IVC Filters May Increase Mortality Risk in Patients With PE

Diana Phillips

December 11, 2018

Use of inferior vena cava (IVC) filters appears to offer no mortality benefit — and may confer a mortality risk — in older adults with pulmonary embolism (PE), a study has shown.

The results of the study, conducted by Behnood Bikdeli, MD, from the Division of Cardiology, Department of Medicine, New York–Presbyterian Hospital, Columbia University Medical Center, New York City, and colleagues, were published online December 10 in a research letter in JAMA Internal Medicine. The findings contradict those from previous analyses of administrative databases in which there was limited adjustment for potential confounders, they write.

The increased risk for death is consistent with the findings of an observational study that assessed 30-day mortality associated with the use of IVC filters in patients with venous thromboembolism (VTE), as reported by Medscape Medical News.

IVC filters are frequently placed in adults who have experienced acute PE or VTE to prevent a subsequent event, but evidence on the safety and efficacy of the practice is limited, the authors explain.

To determine whether mortality benefits observed in reviews of administrative databases persist after adjusting for baseline characteristics, they used Medicare inpatient claims data and ICD-9-CM diagnostic codes to identify and compare the outcomes of older patients with a principle discharge diagnosis of PE who had received an IVC filter and similar patients who had not. The researchers used an inverse probability weighted (IPW) adjustment scheme to account for potential imbalances in baseline characteristics. They created a matched cohort for patients with PE who had received an IVC filter and for those who had not, matching each of the individual characteristics exactly.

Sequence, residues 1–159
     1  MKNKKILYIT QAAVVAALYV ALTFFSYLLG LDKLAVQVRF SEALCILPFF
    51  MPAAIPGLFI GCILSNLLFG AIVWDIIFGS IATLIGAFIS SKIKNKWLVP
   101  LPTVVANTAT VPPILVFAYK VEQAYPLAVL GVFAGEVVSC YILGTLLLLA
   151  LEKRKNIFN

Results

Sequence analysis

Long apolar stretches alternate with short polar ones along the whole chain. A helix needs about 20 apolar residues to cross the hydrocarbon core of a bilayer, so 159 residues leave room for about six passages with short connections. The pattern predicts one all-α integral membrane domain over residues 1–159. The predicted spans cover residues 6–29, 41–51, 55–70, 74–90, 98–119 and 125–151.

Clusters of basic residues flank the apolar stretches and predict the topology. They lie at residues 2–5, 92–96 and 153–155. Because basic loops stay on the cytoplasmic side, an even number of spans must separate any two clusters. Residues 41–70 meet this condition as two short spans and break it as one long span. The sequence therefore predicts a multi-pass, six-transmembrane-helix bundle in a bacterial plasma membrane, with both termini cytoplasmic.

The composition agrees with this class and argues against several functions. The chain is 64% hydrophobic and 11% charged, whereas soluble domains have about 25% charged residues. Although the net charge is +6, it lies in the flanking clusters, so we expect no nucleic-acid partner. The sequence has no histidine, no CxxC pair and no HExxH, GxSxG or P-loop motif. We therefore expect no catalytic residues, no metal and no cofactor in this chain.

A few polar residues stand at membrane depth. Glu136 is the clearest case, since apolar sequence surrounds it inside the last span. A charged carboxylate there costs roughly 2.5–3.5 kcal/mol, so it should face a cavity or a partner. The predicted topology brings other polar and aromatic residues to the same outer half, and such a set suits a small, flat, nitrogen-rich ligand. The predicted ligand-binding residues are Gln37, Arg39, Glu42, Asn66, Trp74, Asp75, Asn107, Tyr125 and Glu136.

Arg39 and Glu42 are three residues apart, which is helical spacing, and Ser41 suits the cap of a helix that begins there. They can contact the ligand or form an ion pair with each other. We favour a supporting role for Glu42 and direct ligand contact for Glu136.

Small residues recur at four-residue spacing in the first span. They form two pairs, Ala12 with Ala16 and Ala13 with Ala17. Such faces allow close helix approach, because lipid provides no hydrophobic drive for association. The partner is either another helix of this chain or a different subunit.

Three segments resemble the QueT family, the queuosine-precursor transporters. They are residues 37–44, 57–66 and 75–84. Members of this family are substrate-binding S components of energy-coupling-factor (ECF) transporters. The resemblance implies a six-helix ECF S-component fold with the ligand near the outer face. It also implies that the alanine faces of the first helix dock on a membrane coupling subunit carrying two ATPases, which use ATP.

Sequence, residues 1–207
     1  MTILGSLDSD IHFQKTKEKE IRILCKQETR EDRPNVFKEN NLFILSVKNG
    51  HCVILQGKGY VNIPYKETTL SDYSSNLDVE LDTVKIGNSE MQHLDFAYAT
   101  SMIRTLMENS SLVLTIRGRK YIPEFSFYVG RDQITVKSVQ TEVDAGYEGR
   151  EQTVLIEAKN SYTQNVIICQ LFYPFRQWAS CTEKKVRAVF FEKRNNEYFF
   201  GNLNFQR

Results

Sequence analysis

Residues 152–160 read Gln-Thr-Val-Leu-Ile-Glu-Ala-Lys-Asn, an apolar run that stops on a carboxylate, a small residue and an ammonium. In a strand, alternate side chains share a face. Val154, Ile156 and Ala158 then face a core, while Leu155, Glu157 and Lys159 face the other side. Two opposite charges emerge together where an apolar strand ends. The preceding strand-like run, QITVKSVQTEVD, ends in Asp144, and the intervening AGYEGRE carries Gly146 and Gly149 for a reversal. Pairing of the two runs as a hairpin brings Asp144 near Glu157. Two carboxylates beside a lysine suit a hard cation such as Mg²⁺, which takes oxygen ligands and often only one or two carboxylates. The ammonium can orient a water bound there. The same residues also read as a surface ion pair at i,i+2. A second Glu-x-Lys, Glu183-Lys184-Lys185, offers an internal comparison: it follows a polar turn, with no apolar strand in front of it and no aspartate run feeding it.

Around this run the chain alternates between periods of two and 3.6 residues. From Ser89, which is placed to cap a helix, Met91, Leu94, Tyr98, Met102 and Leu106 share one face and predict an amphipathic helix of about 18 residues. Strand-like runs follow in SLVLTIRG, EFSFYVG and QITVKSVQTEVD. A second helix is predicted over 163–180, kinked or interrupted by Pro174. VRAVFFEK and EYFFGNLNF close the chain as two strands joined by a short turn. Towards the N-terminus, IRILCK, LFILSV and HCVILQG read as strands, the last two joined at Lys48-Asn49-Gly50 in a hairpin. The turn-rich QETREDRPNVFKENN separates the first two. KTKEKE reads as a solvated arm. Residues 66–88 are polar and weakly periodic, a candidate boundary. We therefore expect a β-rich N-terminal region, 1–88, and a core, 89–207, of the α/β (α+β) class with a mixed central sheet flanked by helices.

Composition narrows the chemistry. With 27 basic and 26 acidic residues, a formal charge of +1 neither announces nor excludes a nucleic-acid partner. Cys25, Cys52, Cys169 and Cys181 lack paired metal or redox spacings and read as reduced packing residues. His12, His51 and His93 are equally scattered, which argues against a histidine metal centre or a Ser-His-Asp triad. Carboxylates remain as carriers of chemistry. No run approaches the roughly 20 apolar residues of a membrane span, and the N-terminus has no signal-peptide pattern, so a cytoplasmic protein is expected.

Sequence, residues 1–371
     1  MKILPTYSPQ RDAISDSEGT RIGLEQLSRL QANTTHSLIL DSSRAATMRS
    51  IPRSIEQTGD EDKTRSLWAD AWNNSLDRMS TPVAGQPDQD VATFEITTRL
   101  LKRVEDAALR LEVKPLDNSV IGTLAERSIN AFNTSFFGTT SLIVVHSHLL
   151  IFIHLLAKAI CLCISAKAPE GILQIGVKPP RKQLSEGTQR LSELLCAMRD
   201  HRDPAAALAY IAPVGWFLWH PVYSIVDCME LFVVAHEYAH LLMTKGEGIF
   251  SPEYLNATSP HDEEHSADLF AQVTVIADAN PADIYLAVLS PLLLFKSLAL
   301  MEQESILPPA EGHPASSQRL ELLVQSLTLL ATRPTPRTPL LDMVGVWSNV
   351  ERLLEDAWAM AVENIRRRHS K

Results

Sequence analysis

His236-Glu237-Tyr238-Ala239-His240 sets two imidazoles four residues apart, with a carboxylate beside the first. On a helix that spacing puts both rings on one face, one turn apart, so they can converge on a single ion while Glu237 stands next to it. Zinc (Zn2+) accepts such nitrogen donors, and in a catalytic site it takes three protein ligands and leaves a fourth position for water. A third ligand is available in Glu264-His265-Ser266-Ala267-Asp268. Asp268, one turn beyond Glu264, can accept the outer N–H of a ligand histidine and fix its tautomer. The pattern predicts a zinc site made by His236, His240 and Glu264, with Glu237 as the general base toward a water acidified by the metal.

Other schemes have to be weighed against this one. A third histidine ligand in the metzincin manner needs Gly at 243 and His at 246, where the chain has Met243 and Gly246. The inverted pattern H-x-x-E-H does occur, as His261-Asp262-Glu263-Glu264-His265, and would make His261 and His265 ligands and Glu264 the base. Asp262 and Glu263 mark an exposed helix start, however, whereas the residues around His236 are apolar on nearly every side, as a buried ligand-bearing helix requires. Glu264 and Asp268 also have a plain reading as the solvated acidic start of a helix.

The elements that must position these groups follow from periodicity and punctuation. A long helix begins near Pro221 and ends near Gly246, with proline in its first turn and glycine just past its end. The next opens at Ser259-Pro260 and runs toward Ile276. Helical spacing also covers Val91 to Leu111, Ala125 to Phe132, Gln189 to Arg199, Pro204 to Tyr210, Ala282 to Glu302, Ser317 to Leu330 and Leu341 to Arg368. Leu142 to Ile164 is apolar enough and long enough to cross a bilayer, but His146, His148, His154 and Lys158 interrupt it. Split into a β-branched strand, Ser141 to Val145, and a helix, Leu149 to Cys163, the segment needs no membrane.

Of 214,579 Medicare fee-for-service beneficiaries (mean age, 77.8 years) who had been hospitalized for acute PE during the study period, 13.4% received an IVC filter. Compared with the no-filter group, the adjusted odds ratio of 30-day mortality in the filter group was 1.02 (95% confidence interval [CI], 0.98 - 1.06). The findings from the IPW analysis were statistically significant (OR, 1.16; 95% CI, 1.12 - 1.21).

Among the patients who survived longer than 30 days after admission, 20.5% in the filter group died within 1 year, compared with 13.4% in the no-filter group. After adjusting for patient characteristics, the odds ratio for 1-year mortality in the filter group was 1.35 (95% CI, 1.31 - 1.40). In the IPW model, the adjusted odds ratio was 1.56 (95% CI, 1.52 - 1.61).

In the individually matched cohort, 18.2% of the 76,198 beneficiaries who were hospitalized with acute PE received a filter. In mixed models in which IVC filter was used as the dependent variable, 30-day mortality was higher in the filter group (OR, 1.61; 95% CI, 1.50 - 1.73), as was 1-year mortality (OR, 2.19; 95% CI, 2.06 - 2.33).

The findings across each of the statistical adjustment methods do not indicate an association between IVC filter use and lower mortality, the authors report. "Instead, our study showed hypothesis-generating findings for increased risk."

Despite limitations imposed by the inherent uncertainty associated with the use of administrative claims for gauging the efficacy of health interventions and the potential "immortal time" bias, "these findings in combination with the paucity of evidence from trials raise concerns about the widespread use of these IVC filters," the authors write. More and better studies are needed to evaluate the efficacy and safety of IVC filters across various patient subgroups, they conclude.

The study was partially supported by grants from the National Heart, Lung, and Blood Institute and the National Institutes of Health. The authors have disclosed multiple relationships with government, academic, and advocacy organizations, which are listed on the journal website.

JAMA Intern Med. Published online December 10, 2018. Abstract

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